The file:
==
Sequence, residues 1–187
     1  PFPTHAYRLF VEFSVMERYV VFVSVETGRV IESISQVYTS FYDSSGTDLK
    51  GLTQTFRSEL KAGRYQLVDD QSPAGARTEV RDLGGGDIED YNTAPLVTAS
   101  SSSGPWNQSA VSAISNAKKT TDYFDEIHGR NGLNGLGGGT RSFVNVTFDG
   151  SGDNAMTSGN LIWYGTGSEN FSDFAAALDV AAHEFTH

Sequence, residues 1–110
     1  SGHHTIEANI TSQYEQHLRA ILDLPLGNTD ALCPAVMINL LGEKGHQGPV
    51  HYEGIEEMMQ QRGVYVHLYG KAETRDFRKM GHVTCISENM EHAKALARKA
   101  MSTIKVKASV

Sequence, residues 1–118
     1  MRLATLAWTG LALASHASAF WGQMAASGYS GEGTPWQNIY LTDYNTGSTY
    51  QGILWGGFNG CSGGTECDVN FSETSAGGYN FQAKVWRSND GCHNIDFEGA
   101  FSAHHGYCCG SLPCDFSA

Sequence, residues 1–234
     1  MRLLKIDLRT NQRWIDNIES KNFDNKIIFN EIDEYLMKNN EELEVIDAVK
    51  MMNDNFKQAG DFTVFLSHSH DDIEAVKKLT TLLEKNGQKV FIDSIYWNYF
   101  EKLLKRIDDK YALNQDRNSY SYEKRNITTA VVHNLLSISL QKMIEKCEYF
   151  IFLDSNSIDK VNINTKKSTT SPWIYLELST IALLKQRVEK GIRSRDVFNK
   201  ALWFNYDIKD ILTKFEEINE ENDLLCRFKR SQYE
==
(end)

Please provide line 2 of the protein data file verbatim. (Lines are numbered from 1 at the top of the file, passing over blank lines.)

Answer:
     1  PFPTHAYRLF VEFSVMERYV VFVSVETGRV IESISQVYTS FYDSSGTDLK